Soccer, Field Hockey Battles Waged on East Hampton Turf

Dropping back keyed breaks in the soccer game
Justin Carpio (10) assisted on Wilmur Guzman’s game-tying header in the second half of the game here with Amityville. Craig Macnaughton

Two of East Hampton High’s teams, field hockey and boys soccer, engaged in riveting battles on the high school’s turf field this past week, the boys versus Amityville, the League VI leader, and the girls versus Shoreham-Wading River, which came in as Division II’s runner-up.

The boys wound up losing 3-2 and the girls wound up winning 1-0, though, as aforesaid, both contests merited the spectators’ attention.

“That was a big win,” Robyn Mott, the field hockey coach, told her delighted charges after Saturday morning’s tilt with Shoreham, whose league record, as a result, dropped to 3-2 while East Hampton’s overall mark improved to 4-1. (The Bonackers were 2-1 in league play as of Monday.)

Cate Wicker was the heroine, banging in a cross from Emily Nicholson with somewhat less than a minute and a half left to play in regulation. 

It was the second win in two days for the Bonackers, who had on Friday shut out Babylon 3-0 in an away match. Lina Bistrian and E. Bistrian scored the goals with Maya Schultz and Wicker getting assists. Of that game Mott said, “We had 37 shots on goal, but only put three in. We’re working on finishing.”

As for the team’s sole loss, to Sayville, by a score of 2-1, she said, “It was 1-1 going into the half — they scored on a penalty corner with time expired. They scored again in the early minutes of the second, and while we dominated after that we couldn’t score.”

E. Bistrian, with her free hit lifts that sail over opponents’ heads, long strides, and deft ball-handling, was the best player on the field Saturday. “She does all the work while others get the glory,” Mott said, with a laugh. 

The teams matched up well. Shoreham was awarded three straight corner plays about 10 minutes into the first 30-minute half, but came away empty. Schultz broke in on the visitors’ goal midway through the period, but shot wide to the right. That was the Bonackers’ best chance in the first frame, which ended scoreless.

“We have to get moving,” Mott said during a timeout with 13:37 left on the clock. “We haven’t had a corner play in this half. We have to move the ball faster. It’s now or never.”

Apparently her charges listened, for they were awarded a penalty corner several minutes later, but Shoreham’s goalie made the save. 

East Hampton’s defenders meanwhile continued to feed Bistrian and other forwards after having poked the ball from attackers’ sticks, keeping the pressure on as the clock wound down. Finally, Wicker’s shot, which thudded against the backboard, gave East Hampton the victory, with 1:21 left to play.

“They were exhausted,” Mott said in the postgame huddle. “We were not, because we’ve done the extra 101 yards.”

In answer to a question, Mott said Maddie Schenck, a senior who is tending East Hampton’s goal, had been called on to make a couple of saves.

“In all my years of coaching this is one of my better all-around teams,” the coach added. “Our depth helps — everybody plays.”

As for the boys soccer game, played here last Thursday, Amityville, a well-organized team (as is East Hampton) broke the ice about two and a half minutes in as Oscar Hernandez, after beating an East Hampton defender, put a hard shot by Kurt Matthews, East Hampton’s junior goaltender.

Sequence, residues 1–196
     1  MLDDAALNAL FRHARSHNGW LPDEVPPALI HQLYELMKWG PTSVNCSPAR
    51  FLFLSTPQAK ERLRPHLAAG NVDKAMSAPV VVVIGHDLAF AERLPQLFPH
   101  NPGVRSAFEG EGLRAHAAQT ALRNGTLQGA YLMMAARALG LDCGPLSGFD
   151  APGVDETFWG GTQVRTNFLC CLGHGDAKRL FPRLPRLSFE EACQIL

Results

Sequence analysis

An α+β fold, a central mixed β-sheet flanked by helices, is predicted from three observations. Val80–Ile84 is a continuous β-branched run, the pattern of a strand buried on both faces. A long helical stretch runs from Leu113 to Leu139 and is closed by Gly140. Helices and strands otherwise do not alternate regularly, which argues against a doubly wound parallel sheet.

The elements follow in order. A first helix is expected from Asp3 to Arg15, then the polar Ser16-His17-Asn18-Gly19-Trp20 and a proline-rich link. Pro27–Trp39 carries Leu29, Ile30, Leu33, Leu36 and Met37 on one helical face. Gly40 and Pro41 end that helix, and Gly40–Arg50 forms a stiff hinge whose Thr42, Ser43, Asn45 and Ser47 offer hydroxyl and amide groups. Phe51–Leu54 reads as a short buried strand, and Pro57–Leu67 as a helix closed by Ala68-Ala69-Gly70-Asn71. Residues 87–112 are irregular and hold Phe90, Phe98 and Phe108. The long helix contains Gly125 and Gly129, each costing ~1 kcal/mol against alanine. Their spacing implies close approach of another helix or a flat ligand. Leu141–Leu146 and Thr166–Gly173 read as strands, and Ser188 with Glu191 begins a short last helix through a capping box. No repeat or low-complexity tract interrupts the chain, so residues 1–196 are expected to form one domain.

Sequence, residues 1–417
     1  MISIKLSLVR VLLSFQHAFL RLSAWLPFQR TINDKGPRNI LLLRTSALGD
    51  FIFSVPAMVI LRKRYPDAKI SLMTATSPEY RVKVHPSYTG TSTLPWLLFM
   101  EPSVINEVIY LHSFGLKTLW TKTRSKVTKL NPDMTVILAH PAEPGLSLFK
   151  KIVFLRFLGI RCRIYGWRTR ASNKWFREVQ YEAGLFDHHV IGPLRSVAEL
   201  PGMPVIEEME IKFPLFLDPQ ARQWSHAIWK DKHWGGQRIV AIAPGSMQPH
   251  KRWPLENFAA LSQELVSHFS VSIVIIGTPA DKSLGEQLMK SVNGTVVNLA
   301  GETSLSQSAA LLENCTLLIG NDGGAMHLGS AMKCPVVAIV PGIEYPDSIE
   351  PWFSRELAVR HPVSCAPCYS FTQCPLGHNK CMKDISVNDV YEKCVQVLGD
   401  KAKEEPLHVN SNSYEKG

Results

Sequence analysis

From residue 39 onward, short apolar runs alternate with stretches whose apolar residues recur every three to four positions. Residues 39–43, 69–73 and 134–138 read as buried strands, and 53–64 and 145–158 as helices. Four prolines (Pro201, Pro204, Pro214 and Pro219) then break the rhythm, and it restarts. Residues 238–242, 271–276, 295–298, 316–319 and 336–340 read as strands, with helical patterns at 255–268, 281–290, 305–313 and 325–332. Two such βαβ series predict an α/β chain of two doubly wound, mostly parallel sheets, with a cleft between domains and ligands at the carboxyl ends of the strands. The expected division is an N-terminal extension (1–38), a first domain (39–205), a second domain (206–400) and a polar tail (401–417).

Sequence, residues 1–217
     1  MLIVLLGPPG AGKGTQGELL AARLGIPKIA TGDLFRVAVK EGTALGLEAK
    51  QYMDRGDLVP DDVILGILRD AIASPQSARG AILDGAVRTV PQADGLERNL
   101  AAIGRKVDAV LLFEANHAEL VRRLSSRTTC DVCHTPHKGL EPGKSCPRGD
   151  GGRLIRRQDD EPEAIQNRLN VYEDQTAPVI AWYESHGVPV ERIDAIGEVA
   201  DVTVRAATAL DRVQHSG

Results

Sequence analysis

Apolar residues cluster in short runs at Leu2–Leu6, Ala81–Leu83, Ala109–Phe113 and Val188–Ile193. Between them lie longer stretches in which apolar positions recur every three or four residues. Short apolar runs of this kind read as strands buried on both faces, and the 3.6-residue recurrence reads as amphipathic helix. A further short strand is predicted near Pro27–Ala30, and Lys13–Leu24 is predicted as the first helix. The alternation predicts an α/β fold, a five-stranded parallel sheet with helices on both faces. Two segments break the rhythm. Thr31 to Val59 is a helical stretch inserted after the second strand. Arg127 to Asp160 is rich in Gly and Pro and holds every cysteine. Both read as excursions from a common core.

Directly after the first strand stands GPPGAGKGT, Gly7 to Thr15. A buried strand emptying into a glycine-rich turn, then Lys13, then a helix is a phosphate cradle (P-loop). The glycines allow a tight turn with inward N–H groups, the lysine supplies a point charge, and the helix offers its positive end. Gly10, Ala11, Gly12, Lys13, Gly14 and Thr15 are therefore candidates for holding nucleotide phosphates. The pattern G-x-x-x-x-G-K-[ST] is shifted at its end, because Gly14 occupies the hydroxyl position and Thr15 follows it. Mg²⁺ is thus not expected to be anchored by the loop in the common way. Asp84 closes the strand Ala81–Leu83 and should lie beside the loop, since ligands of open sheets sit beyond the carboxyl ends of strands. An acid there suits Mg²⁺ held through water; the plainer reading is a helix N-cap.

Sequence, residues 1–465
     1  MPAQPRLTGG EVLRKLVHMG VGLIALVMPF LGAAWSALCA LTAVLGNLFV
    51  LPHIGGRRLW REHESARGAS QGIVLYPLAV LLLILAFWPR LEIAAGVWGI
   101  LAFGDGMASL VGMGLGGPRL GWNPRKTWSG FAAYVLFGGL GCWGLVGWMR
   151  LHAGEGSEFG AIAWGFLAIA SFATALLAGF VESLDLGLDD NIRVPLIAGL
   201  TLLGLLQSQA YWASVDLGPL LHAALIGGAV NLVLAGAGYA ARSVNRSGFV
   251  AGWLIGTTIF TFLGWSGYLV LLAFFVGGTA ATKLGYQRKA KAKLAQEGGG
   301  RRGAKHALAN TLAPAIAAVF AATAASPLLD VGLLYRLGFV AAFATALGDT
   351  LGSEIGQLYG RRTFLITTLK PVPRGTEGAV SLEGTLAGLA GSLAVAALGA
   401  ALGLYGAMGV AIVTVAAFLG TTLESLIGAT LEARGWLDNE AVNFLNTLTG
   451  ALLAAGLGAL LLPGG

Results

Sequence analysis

Justin Carpio, a senior midfielder, was taken down in the box by an Amityville defender with 18 minutes to go in the half, and cashed in on the subsequent penalty kick, sending the ball into the left corner of the nets as the Warriors’ goalie dived toward the right.

Matthews, with the score tied at 1-1, was called on to make two diving saves about midway through the period, keeping the Bonackers in the game, but a high kick over the defense with 11:16 to play in the first period landed on the feet of Kymani Hines, the center forward, who sped toward Matthews, beating him easily from in close.

The visitors clearly had the best of it in the first half, though in the second East Hampton, which went into the break down 2-1, adjusted, dropping back rather than chasing the ball, and thus creating more chances. 

The change in tactics produced the hoped-for breaks, and, in the 55th minute, Wilmur Guzman capped one of them with a diving header that converted a right-to-left cross from Carpio and tied the score at 2-2.

The game was very evenly played from there on in. Manfred Barros, one of East Hampton’s defenders, kicked away a shot headed for a temporarily empty goal with about 17 minutes left to play, though Amityville was to capitalize soon after as Hernandez fired in a right-to-left shot through a crowd from about 15 yards out to wrest the lead back for the visitors, at 3-2.

East Hampton did not quit, however. Its defenders — Noah Gualtieri, Zane Musnicki, and Barros in particular — and its forwards continued to play spiritedly. Bonac’s last best chance came with 8:18 left when Alberto Gallegos, who had come off the bench, was stopped by Amityville’s keeper at point-blank range.

Afterward, McGovern, who has taken over the head-coaching reins from Rich King, said, “There’s a reason they’re in first place.”

As for East Hampton, “We’ve been playing well — our losses have been by one goal. We’re just not finishing. . . . We need a win.”

The team got it at Mount Sinai the next day. Miller Place, winless as of Monday, was to have played here Tuesday.

Cate Wicker (5) scored the sole goal in Saturday’s East Hampton-Shoreham-Wading River field hockey game here. Lina Bistrian is at left. Jack Graves